Hearing aids have not previously always worked well with mobile phones, because of electronic interference between the 2 devices that caused static, whistling or squealing noises, or dropped words. New government regulations, together with significant advances in both phone and hearing aid technology, have made this incompatibility rare. To help consumers shop for the right hearing aid compatible cell phone, the new regulations include a standard rating system and labeling requirement.

Understanding the rating system requires a bit of knowledge about the modes that hearing aids can operate in. There is an M mode (which stands for microphone) and a T mode (which stands for telecoil). In M mode, your hearing aid uses its built-in microphone to pick up audible sounds from the environment and amplify them so that you can hear them. In T mode, the hearing aid uses telecoil technology instead. The hearing aid is able to pick up the electromagnetic signals from inside the phone directly. Currently, approximately 60% of hearing aids sold in the United States have a telecoil or T mode.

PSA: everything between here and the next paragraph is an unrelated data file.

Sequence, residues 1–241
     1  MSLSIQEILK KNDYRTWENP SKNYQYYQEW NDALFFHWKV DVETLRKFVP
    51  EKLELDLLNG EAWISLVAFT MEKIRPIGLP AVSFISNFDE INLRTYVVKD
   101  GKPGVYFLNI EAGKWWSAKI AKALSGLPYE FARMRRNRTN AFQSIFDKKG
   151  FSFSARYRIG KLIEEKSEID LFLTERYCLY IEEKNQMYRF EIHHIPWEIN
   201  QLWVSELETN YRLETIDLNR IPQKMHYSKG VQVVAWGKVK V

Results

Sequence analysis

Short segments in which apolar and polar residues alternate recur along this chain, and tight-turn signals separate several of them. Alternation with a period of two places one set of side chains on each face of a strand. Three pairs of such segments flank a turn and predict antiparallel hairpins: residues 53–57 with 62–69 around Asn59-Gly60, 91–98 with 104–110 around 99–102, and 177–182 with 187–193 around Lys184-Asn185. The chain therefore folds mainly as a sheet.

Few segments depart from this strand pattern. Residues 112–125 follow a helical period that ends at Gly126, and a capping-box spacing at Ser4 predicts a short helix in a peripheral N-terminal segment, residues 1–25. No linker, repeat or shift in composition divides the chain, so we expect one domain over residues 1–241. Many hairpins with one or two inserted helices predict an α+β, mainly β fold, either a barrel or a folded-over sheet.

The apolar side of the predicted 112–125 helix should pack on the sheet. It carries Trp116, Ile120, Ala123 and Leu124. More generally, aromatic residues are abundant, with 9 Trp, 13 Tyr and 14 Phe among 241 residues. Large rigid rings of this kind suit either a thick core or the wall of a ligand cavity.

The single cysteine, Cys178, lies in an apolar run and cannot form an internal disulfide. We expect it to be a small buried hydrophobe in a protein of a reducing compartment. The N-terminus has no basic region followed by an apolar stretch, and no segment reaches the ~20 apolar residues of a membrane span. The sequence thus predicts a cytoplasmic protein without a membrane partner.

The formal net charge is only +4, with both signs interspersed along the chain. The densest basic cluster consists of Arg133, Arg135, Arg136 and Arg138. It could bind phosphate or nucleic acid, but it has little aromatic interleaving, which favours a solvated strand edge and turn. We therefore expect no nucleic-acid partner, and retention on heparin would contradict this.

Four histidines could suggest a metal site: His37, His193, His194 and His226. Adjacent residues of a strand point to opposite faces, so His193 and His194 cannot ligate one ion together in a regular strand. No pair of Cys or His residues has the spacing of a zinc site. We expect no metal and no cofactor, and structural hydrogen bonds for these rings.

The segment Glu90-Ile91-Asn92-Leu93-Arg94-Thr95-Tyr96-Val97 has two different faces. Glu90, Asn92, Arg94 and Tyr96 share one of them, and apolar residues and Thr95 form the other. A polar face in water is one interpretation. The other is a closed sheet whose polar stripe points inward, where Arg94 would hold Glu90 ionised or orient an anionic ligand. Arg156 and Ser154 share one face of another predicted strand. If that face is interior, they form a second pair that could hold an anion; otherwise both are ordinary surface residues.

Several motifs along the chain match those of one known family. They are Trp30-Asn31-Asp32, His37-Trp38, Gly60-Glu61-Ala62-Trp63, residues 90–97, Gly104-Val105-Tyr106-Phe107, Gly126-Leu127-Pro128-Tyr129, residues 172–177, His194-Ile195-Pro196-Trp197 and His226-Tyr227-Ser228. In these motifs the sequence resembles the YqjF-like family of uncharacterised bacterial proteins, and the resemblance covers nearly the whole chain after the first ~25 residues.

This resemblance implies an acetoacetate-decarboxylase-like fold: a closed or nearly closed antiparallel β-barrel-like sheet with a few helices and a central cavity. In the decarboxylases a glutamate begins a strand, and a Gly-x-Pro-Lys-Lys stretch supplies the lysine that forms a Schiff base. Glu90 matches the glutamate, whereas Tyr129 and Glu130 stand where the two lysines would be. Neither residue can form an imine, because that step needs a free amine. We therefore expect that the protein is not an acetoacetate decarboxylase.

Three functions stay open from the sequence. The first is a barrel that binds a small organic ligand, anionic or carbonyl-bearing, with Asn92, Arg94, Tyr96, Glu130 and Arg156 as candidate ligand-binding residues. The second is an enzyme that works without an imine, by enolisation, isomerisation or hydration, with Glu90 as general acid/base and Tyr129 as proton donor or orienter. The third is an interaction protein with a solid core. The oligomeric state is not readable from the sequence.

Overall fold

The rating system for these two modes of hearing aid operation uses a scale that ranges from the lowest sensitivity (1) to the highest sensitivity (4). To be labeled as hearing aid compatible (HAC) a cell phone must carry a minimum rating of M3 or T3.

In addition, many hearing aids (and cochlear implants) have a similar M and T rating to measure their sensitivity and their resistance to radio frequency interference. If you know the M and T ratings for your hearing aid, to determine its compatibility with any mobile phone, just add the two sets of ratings together. If you get a combined total of 6 or more, that is thought of as excellent, a combination of hearing aid and phone that will be highly usable. A combined rating of 5 is thought of as normal, and suitable for most people. If the combined rating is 4, this is thought of as acceptable but not very usable if you make a lot of extended phone calls.

Since being introduced, the new rating system has made it much easier to shop for a cell phone online and determine its compatibility with your hearing aid in advance. In the end, nothing beats a real world test so you may want to wear your hearing aid to the mobile phone shop and test out a few different phone in real conditions.

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